Cervical cancer can be easily and safely prevented without drugs

Drug-free cervical cancer prevention can save kid’s lives

Q: My pediatrician has been pushing me to get my young teen daughter a cervical cancer vaccine. I want my daughter to be protected, but I’m wary of this vaccine. Are there any other ways to prevent this cancer?

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Young women can get a huge dose of cervical cancer protection by following Grandma’s advice: Eat your vegetables. Specifically, you’ll want to stock up on green vegetables and vegetables from the cruciferous family. (Broccoli, cauliflower, and kale are three cruciferous standouts.)

One of the early clues that cruciferous vegetables may reduce the risk of cervical cancer came from studies of laryngeal and/or vocal cord polyps, also known as recurrent respiratory papillomatosis (RRP). Although frequently benign, this condition can proceed to actual cancer, which can be fatal. RRP is caused by HPV, specifically HPV-6 and HPV-11, two of the four main HPV types that cause cervical cancer.

In a 1998 report from Long Island Jewish Hospital, researchers noted a close connection between estrogen metabolism and the growth of HPV viruses that cause RRP.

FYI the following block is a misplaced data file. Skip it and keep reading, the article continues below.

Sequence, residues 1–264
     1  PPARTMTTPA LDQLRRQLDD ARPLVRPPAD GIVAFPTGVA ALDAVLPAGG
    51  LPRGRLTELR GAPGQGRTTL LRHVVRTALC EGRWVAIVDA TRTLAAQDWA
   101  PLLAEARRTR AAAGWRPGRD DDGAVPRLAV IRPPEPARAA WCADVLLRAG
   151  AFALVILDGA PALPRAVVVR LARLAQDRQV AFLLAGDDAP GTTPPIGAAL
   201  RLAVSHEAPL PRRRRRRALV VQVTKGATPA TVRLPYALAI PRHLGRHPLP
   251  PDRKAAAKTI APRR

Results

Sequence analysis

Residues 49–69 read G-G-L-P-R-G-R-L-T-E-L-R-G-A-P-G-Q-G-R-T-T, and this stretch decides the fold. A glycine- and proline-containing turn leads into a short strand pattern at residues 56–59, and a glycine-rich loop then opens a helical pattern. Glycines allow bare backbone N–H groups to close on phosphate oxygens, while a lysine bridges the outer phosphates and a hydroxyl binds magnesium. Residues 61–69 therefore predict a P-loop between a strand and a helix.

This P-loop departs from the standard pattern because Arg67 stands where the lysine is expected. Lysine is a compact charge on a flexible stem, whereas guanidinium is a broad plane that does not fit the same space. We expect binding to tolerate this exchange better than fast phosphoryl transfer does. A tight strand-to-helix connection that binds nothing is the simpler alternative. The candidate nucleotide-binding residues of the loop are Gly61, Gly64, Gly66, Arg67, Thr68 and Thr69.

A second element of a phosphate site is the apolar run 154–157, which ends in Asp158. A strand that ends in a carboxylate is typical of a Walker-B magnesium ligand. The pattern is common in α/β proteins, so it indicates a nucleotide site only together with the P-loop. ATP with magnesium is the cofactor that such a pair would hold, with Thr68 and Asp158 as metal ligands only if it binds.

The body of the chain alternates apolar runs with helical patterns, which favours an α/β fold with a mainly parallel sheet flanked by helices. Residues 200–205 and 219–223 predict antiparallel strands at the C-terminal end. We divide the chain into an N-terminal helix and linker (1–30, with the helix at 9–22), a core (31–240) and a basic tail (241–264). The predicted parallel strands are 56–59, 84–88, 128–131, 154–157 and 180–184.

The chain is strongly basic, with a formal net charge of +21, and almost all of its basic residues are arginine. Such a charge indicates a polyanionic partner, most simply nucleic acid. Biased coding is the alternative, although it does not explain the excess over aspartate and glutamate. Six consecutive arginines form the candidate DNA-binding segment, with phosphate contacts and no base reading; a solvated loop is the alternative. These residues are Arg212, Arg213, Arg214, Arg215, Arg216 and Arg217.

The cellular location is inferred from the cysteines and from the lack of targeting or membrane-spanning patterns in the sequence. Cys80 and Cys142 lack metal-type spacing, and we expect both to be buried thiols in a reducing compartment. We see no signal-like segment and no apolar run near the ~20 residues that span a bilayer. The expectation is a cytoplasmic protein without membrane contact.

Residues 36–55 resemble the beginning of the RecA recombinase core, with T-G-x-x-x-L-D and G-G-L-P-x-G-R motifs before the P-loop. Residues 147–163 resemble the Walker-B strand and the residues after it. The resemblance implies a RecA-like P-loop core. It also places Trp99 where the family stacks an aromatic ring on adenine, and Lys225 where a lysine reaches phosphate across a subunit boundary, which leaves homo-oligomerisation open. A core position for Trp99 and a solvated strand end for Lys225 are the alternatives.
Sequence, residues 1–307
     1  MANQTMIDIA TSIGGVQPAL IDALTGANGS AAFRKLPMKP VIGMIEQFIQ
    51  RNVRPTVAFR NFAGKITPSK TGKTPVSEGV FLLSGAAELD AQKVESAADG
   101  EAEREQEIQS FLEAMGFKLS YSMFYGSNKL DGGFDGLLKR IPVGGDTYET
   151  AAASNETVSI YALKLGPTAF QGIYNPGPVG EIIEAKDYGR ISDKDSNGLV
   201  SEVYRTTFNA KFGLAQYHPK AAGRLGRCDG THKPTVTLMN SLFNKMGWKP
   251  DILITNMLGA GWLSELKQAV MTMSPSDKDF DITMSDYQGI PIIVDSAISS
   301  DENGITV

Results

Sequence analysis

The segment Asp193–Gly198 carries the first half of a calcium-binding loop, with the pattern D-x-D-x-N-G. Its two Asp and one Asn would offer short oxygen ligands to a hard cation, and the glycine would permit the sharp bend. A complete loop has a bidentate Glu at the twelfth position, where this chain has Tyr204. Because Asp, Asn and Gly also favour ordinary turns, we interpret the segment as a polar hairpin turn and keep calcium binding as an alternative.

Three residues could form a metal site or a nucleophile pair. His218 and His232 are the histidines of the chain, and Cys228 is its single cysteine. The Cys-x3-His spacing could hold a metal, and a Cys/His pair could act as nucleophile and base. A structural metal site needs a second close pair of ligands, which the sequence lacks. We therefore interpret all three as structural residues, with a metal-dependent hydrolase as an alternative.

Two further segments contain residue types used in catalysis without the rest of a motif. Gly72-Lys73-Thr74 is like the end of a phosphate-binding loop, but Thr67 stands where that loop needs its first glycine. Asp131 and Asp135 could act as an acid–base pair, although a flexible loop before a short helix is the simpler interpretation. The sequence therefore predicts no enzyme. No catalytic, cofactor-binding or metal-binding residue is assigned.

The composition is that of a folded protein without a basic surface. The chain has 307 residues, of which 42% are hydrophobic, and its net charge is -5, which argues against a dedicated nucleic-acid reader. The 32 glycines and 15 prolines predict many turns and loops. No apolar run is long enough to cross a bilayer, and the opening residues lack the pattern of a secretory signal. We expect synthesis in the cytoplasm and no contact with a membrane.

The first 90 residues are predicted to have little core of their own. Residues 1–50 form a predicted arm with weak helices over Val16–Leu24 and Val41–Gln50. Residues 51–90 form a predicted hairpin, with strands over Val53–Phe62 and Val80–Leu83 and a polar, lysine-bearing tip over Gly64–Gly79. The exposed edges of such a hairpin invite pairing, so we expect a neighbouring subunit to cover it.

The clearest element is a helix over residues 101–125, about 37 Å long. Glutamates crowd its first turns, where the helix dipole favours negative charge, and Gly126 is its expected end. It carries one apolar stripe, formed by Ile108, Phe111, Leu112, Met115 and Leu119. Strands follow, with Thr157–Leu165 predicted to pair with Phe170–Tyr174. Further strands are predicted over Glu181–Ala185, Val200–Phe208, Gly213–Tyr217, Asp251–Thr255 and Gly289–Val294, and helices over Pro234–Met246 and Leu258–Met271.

They wrote: “Our results show an inverse relationship between the ratio of C-2 to C-16 alpha hydroxylated estrogens and the severity of RRP.” Translated into English: The lower the “2/16″ estrogen ratio, the worse the RRP; the higher the “2/16″ ratio, the less severe the RRP.

In this study, the researchers asked RRP sufferers to eat significantly more cruciferous vegetables. They found that compounds in these vegetables led to increases in the “2/16″ estrogen ratio, which correlated with improvement in RRP.

Another study on RRP also found that a natural substance found in cruciferous vegetables called indole-3-carbinol (I3C) can favorably influence HPV-associated tumors. Researchers asked volunteers to take I3C to explore its effects on RRP. Of the 33 volunteers, more than 30 percent had complete remission after five years. Another 30 percent had a reduction in the growth of RRP.

In addition, young women should make sure they’re getting an ample amount of folate in their diet. Research shows that folate can reverse pre-cancer of the cervix (cervical dysplasia) and very early cervical cancer (cervical intraepithelial neoplasia).